The scene: a busy newsdesk on a web-based IT publication. A story comes in from afar; a report from a major industry keynote announcing major new products.
The news editor glances through it, and decides nowhere is it mentioned what the products described actually do, or how they differ from each other. This results in an impromptu conference. The vendor's website — which invites us to spend many thousands of dollars on the products — is checked. After that, nobody is any the wiser, nor are they any better informed.
The vendor's PR is called. The PR begins to describe the products, but peters out half way through a sentence. They can't explain it either.
By this point, the confusion has spread to five or six people who deal with the commercial application of this technology on a daily basis — and one who is paid to be the company's interface with the press for exactly these matters. Not everyone can be an expert on everything in IT, but in this case the common factor is clear: the vendor. It is not describing its products in terms anyone can understand. Similar products in its lineup have similar names and apparently do similar jobs, but how they differ from each other is never made clear. How their functions relate to other, similarly named functions in products from other vendors is impossible to fathom. The licensing they require is obtuse, contradictory and, frankly, suspicious.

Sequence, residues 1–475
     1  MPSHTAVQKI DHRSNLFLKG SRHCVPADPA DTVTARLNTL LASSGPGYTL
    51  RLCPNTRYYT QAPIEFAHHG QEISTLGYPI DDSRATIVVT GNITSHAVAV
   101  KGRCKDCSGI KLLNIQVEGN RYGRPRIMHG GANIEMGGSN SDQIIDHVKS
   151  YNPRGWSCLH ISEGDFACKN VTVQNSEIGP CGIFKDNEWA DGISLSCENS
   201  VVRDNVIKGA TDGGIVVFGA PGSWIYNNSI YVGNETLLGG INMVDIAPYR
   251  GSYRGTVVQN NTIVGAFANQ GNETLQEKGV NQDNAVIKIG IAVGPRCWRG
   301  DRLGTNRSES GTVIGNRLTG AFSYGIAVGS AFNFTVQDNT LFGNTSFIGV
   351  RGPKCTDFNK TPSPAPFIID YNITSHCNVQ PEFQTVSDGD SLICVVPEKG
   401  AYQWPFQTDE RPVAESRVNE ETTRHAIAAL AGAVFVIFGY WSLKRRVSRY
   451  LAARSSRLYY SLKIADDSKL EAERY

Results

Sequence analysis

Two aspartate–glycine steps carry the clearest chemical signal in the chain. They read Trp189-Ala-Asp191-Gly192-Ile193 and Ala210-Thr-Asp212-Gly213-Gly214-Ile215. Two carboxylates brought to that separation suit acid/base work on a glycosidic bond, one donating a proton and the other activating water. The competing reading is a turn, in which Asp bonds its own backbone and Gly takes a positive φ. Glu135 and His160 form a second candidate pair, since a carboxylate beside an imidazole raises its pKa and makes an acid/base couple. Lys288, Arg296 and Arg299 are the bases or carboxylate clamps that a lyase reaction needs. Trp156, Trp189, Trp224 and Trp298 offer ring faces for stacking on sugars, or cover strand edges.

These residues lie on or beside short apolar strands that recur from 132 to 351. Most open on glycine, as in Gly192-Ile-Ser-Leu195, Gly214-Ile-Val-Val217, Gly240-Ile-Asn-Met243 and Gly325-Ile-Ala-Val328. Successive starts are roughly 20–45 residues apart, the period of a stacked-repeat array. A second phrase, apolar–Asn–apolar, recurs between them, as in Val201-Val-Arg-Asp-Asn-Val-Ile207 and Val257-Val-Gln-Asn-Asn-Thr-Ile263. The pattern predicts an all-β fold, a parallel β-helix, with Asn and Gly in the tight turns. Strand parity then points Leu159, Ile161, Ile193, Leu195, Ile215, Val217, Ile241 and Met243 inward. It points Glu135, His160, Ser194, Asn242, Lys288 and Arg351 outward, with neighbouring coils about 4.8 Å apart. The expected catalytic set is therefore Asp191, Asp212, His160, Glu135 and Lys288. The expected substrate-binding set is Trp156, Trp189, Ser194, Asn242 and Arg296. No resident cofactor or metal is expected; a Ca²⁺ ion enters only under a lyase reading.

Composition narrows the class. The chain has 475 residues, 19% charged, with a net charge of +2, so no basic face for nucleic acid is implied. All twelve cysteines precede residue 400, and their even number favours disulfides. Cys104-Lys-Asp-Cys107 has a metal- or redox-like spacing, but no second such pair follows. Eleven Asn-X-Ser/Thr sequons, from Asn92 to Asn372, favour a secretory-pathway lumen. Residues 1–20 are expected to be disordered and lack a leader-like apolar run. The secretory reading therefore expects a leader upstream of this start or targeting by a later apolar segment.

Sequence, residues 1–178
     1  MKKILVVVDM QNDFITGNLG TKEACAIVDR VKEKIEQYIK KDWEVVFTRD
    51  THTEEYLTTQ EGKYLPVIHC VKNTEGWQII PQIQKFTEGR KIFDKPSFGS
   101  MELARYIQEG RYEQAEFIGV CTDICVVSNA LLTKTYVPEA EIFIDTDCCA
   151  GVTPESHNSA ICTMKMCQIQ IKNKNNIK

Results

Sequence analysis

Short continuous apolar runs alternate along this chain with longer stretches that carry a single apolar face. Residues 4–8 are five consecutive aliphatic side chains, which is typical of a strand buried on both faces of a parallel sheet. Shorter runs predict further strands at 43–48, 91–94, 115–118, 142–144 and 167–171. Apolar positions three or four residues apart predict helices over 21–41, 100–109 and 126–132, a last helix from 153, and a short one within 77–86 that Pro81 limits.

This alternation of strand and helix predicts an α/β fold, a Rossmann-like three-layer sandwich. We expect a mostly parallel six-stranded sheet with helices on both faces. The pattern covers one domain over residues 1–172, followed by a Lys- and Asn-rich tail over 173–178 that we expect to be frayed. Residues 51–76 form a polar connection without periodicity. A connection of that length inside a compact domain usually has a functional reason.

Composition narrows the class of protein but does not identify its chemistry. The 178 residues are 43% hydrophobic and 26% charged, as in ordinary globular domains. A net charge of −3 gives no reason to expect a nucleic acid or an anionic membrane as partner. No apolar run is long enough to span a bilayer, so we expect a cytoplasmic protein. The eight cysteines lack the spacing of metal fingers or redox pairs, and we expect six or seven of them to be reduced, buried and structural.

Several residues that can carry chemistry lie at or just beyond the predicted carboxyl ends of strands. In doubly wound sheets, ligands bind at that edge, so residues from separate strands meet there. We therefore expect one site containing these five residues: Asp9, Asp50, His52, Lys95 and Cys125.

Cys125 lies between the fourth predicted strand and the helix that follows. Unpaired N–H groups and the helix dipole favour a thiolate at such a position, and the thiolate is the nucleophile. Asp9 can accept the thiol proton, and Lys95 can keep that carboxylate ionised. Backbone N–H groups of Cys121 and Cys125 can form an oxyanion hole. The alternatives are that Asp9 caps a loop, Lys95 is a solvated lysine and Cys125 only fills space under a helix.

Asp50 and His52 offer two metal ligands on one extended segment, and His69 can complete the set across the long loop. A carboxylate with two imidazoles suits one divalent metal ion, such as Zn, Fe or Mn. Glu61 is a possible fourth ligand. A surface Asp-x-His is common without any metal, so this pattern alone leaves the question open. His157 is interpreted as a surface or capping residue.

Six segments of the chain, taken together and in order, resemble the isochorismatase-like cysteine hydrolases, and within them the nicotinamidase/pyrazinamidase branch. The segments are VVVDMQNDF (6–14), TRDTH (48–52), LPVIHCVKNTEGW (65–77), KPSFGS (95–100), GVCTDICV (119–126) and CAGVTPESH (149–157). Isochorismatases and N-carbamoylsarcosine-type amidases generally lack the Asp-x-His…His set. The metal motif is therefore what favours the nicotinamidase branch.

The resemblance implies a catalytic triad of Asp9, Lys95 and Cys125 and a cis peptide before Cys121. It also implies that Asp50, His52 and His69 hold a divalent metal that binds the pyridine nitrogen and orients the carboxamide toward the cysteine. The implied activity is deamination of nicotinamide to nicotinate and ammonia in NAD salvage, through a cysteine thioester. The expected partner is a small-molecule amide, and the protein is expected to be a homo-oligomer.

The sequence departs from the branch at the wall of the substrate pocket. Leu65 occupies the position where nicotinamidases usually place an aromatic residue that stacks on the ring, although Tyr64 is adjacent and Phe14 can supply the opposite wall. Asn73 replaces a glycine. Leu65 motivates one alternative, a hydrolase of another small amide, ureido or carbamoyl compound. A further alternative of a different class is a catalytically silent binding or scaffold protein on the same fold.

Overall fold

This luxury of confusion is unaffordable. Customers cannot be expected to pick their way through this semantic jungle, let alone come to a clear idea of what they might buy and why. Yet these maelstroms of maladroit marketing are endemic in the industry, especially in the enterprise sector, and it is easy to think that such confusion is deliberately engineered to bamboozle the punter into buying much more than they need — or even things they don't need at all. After all, who wants to look stupid by admitting ignorance?
The ultimate consequences of deliberate obfuscation are much worse than a few bad sales. The financial markets are in meltdown largely because incomprehensible products were allowed to poison the balance sheets of the world's largest controllers of money. They looked good, they promised much: nobody could understand how they worked nor what would happen if they didn't. But who wanted to admit ignorance? Who wanted to pass up the large profits being made by others who had subscribed to these ideas?
The use of jargon like gas to stun the prey is a poisonous and dishonest practice. It is the mark of a dishonest vendor, a warning that the products should be avoided at all costs. That is our defence mechanism. It is one we ignore to our cost — a cost that may be beyond counting.